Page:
100th anniversary of the birth of Jane Jacobs, the saint of the new urbanism. I’m something of a dissenter. Of the two great urban-planning ideologies of the 20th century, big-block modernism and Jacobsian urbanism, the clear winner, as everyone knows, was Jacobs. Don’t destroy the organic community that already exists. Fair enough – the sociological classic ‘everything in its path’ by Kai Erikson made that imperative. Urban Renewal in the style of the war on poverty did nothing but sweep away the poor (usually Black) neighborhoods in favor of the brobdingnagian apartment block or the twisting highway interchange.
But – in practice, Jacobsian neighborhood redevelopment has been the neutron bomb to modernism’s hydrogen bomb. It has left the buildings standing, but done nothing to save the organic community; one way or another, the people that are there, have to go. Capitalism just won’t stand for them: all those nice buildings, when we could be getting higher rents? That’s the sin of letting capital lie idle. All those nice cities, when speculators could be making billions, if only the people would all disappear, melt away before the waterfall of techbraws and yuppies.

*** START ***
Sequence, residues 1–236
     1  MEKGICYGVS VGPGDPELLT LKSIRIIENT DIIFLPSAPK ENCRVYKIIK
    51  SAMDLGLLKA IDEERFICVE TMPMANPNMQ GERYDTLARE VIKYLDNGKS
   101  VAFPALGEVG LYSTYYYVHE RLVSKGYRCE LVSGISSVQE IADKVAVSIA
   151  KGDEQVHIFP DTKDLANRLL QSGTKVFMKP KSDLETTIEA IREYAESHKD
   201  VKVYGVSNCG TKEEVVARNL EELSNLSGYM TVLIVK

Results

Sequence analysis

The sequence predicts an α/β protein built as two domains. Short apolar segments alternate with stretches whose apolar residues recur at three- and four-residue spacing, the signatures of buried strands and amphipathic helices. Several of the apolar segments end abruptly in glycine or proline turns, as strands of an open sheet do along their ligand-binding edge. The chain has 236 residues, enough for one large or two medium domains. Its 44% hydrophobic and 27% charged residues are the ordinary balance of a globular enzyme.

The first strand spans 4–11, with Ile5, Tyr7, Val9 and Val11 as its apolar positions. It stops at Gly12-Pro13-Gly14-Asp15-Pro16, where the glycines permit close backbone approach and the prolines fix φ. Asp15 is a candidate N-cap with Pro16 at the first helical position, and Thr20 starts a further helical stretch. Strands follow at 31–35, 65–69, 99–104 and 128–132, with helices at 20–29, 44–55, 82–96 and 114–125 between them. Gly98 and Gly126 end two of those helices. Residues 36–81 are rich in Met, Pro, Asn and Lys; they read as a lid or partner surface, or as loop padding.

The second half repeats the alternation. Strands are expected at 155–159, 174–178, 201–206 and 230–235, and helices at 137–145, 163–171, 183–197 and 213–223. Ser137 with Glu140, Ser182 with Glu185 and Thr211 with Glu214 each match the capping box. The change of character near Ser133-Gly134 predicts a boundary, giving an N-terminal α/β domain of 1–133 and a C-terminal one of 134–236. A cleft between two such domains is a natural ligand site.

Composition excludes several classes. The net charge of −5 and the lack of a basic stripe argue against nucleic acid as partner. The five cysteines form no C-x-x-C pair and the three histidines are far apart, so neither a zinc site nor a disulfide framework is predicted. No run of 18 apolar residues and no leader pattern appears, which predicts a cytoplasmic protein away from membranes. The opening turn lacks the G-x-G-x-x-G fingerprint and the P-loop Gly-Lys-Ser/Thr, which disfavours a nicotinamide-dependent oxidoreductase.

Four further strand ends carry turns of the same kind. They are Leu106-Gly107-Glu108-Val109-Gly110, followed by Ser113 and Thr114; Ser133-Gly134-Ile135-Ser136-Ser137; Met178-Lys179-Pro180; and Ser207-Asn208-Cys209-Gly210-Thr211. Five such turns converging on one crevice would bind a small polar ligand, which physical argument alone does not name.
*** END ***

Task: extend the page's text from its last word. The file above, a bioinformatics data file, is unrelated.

At least Le Corbusier made provision for the working class. Those fantastic floating slabs of cake, sitting in the green parks of the future – they were for the working class to have somewhere decent to live. In practice, capitalism wasn’t interested in that, either. Unite d’Habitation ended up the model for a cheap way to do social housing, and so we got Pruitt-Igoe – literally the textbook example of why modernist delirium was a disaster. Not so much because everyone has to live in a hobbit town or be miserable, but because nobody with money was willing to pay taxes for the upkeep. (If you get a chance to see the Pruitt-Igoe Myth, I recommend it.. http://www.pruitt-igoe.com/). Robert Moses was the Lex Luthor of this ideal; he was a monster, and we rightly discarded his idiom, but we didn’t do anything about what drove him, the lure of money from property redevelopment and, above all, the automobile.
So pick your nightmare. Just don’t imagine that this particular ideological sideshow of big vs little, urban vs suburban, actually settled anything or that the Revolution of Jane Jacobs did more than bolt a new facade over the same old rapacity.